Honors 150 is a 1-credit freshman seminar that introduces Honors Program students to critical thinking, to inter-disciplinary thinking, and to the Honors Program itself. Honors 150 does not contribute to a student's Honors Core GPA. This course may not be taken Pass-Fail.
Honors 350: Beginning the Honors Thesis
Honors 350 (formerly Honors 400) is a 1-credit course that helps students begin work on their Honors thesis. The course is normally taken during the first semester of a student's junior year. Students who anticipate being overseas at that time should make prior, alternate arrangements with the Honors Director. Honors 350 does not contribute to a student's Honors Core GPA, but students must pass Honors 350 in order to graduate from the Honors Program. Honors 350 has two purposes: (1) to help students create a quality honors thesis, and (2) to help students complete this thesis on time; that is, before their scheduled graduation. To this end, students in this seminar select a thesis topic, choose two thesis advisors, and develop a thesis proposal with their advisors - including a statement of the thesis topic, a hypothesis, a description of the major tasks needed to complete the thesis, a review of the resources the thesis will draw upon, and a timetable for the thesis project. In other words, students in Honors 350 actively begin serious work on their Honors thesis. To help students with these tasks, they meet regularly with other Honors students who are working on their thesis projects and with the Director of the Honors Program to discuss thesis requirements, mutual problems, and possible solutions.
Students who graduate from SUNY Oswego must take two Human Diversity courses, in different areas. Students in the Honors Program may take any two approved Human Diversity courses, appropriate to the year they entered SUNY Oswego, found in the General Education section of the course newspaper. Human Diversity courses may also meet requirements in the student's major. Human Diversity courses may not be taken Pass-Fail.
See Overseas Study.
- By continuing the same language from middle school and/or high school through the 202 level; or
- By completing a new language through the 102 level; or
- Earning 12 credits on the CLEP test.
The course used to satisfy the language requirement may not be taken Pass-Fail.
In addition, candidates for a degree in a natural science (Astronomy, Biology, Chemistry, Geology, Meteorology, or Physics) may meet the Honors Program foreign language requirement by passing both German 125 (German for Reading) and 126 (German for Research). These courses may not be taken Pass-Fail.
A good rule of thumb is that one year of high school language equals one semester of college language. So, for example, four years of high school French puts a student somewhere at the 200 level at SUNY Oswego.
Majors and Minors
Students in the Honors Program may major or minor in any program available at the College. (Note that admission to some majors is limited and by application only: Accounting, Business, Management, Marketing, Broadcasting, Communications, Childhood Education, Adolescent Education, and Psychology.)
Students at SUNY Oswego may declare up to two majors and one minor or one major and two minors. (You are not required to have a minor.) You must declare a major by the end of your sophomore year.
Once you declare a major, you will be advised each semester both by the Honors Program Director (for your Honors requirements) and by an advisor in your major (for your major requirements).
You declare a major or a minor, add a second major, or change majors or minors with a Declaration of Major Form, obtainable from the Honors Program office.
Students in the Honors Program may satisfy their math requirement in one of three ways. First, students in a major that has a math requirement satisfy the Honors math requirement by passing the approved math course for their major. So, students majoring in Accounting, Business, Finance, Human Resource Management, Management Information Systems, Operations Analysis, Marketing, or Technology Management must take MAT 208. Students majoring or concentrating in Applied Mathematics, Applied Mathematical Economics, Chemistry, Computer Science, Decision Science, Economics, Engineering, Geology, International Trade, Mathematics, Meteorology, Physics, or Zoology must take MAT 210. Students majoring or concentrating in Biology must take either MAT 179 or MAT 210. Students majoring in Childhood Education must take MAT 106 and 206.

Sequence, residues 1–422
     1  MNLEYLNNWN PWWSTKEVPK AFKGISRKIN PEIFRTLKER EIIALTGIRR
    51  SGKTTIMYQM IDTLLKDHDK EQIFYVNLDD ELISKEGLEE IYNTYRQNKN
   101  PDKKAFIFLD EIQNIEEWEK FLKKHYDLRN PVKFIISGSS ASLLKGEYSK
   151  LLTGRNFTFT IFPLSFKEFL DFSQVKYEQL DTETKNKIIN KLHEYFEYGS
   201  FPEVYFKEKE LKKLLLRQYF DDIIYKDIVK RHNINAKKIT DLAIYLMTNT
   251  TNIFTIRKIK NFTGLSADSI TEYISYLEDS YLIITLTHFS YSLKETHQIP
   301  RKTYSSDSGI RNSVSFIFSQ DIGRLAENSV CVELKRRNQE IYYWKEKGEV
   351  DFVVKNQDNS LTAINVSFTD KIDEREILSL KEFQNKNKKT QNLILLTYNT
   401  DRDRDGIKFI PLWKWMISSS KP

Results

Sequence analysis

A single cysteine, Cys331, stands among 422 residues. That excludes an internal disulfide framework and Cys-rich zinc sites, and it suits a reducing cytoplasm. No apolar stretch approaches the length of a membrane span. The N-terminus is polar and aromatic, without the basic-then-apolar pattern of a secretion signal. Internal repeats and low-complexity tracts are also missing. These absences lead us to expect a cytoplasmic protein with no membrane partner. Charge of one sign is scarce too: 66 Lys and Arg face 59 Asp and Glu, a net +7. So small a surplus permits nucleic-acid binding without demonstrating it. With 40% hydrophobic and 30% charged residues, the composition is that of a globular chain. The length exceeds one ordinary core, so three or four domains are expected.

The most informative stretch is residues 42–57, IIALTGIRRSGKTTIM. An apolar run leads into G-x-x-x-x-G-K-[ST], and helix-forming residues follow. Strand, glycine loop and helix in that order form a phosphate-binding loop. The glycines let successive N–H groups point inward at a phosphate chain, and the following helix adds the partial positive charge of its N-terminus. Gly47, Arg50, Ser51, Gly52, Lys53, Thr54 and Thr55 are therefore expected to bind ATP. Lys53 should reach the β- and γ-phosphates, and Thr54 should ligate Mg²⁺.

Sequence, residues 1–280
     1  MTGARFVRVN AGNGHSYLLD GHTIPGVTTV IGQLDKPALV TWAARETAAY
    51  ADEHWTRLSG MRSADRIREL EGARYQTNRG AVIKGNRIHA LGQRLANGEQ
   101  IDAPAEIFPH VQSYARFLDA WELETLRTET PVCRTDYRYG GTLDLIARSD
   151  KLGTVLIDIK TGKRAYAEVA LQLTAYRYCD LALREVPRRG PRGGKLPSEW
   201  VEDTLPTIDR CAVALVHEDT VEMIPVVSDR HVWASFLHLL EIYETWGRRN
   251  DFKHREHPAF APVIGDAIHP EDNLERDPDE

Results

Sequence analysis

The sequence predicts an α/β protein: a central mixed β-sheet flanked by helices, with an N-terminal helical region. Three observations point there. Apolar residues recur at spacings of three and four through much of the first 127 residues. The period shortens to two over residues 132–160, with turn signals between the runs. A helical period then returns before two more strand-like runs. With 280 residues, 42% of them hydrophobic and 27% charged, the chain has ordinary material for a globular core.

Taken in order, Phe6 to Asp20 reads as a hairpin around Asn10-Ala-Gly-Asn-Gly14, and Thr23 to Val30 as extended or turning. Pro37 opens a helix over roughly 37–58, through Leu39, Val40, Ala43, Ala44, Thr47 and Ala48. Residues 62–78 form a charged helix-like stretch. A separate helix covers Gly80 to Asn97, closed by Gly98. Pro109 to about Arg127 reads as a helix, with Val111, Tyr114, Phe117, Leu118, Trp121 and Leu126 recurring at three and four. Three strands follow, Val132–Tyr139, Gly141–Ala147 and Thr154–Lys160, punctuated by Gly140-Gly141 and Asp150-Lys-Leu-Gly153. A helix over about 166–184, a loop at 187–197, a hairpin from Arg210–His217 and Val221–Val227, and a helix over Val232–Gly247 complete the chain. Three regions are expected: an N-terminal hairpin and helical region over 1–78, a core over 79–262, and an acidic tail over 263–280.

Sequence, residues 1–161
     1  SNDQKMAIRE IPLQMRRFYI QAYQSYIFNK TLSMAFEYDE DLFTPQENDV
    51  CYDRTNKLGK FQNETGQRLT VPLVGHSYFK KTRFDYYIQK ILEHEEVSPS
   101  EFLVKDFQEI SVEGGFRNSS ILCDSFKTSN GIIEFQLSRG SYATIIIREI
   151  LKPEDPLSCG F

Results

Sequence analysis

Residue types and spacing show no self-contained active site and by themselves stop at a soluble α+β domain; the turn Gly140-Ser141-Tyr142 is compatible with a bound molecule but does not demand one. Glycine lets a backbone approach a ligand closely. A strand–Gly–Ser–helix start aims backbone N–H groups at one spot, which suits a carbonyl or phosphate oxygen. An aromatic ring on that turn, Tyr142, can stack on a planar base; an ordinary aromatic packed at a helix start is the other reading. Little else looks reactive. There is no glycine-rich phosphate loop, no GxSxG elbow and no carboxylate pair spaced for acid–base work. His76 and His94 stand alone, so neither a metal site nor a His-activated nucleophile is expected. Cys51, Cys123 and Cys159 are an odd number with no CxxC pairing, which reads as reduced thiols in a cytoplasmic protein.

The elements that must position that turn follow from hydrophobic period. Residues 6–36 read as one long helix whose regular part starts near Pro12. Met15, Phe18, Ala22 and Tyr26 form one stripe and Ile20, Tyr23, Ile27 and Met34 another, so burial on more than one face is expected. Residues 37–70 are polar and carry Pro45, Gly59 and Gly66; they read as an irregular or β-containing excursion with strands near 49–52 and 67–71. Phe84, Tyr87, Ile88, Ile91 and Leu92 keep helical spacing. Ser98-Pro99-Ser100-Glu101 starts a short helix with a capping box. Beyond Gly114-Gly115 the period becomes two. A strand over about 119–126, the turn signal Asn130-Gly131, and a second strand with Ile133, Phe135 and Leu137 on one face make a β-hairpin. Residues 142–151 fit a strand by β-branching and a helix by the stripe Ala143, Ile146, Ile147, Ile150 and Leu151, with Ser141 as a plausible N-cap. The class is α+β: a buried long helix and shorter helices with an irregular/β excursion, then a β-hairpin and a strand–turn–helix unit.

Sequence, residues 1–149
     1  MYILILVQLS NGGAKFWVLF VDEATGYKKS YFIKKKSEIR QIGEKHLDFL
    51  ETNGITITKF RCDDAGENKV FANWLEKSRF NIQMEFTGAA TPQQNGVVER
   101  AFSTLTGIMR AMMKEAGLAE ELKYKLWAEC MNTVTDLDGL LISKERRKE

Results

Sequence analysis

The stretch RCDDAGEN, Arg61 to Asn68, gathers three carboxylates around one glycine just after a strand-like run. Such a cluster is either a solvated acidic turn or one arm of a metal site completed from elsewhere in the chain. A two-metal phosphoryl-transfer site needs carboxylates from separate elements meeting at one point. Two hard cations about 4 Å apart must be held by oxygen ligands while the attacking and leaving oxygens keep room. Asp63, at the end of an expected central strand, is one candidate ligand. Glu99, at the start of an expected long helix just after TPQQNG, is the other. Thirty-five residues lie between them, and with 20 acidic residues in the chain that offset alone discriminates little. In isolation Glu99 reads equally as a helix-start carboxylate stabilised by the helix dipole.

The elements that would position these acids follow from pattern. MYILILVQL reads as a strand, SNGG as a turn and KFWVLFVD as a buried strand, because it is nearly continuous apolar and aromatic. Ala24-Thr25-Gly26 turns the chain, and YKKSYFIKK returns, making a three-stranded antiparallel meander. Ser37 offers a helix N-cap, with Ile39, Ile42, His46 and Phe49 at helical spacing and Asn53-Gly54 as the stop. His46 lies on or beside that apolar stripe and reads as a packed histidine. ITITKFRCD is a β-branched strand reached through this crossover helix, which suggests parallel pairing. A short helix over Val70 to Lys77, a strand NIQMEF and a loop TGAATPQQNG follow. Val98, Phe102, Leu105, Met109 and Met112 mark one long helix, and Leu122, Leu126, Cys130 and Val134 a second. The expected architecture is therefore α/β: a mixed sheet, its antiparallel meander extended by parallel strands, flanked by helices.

Second, all other students may take either MAT 203 or MAT 210. Courses used to satisfy the Honors Program math requirement may not be taken Pass-Fail.
Third, students may satisfy the Honors Program math requirement with Advanced Placement credit in Calculus (or by having received college credit for Calculus before they enter Oswego as freshmen).
See Majors and Minors.
Natural Science Requirement
Students in the Honors Program are required to take two 4-credit laboratory courses in the natural sciences: Astronomy, Biology, Chemistry, Geology, Meteorology, Oceanography, Physics, or Zoology. These courses may not be taken Pass-Fail.
Childhood Education majors with a Science concentration may use their concentration core requirements to fulfill the Honors Program science requirements. These courses may not be taken Pass-Fail.
Honors Program students who wish to study overseas are encouraged to do so (although it is not required in any way). The College provides a number of overseas study programs, both under its own auspices and in conjunction with other SUNY schools. For information, please contact the International Education Office, Swetman Hall.
Students who are juniors or seniors and have a 2.0 minimum cumulative GPA, may take a course Pass-Fail. A student who earns a D- or better in a Pass-Fail course will receive a P on his or her transcript, instead of the letter grade. This P is not figured into the GPA.
To take a course Pass-Fail, students should pick up a Pass-Fail form from the Honors Program office. This form must be submitted to the Registrar's Office during the add period -- about the first week-and-a-half of the semester.
Students may take only one Pass-Fail course per semester and no more than four Pass-Fail courses during their entire college career.
Students may not take Pass-Fail courses in their major, minor, or concentration; or courses used to satisfy cognate requirements in the major, minor, or concentration; or courses that satisfy Honors Program requirements (although prerequisites for Honors requirements may be taken Pass-Fail if the above conditions are met).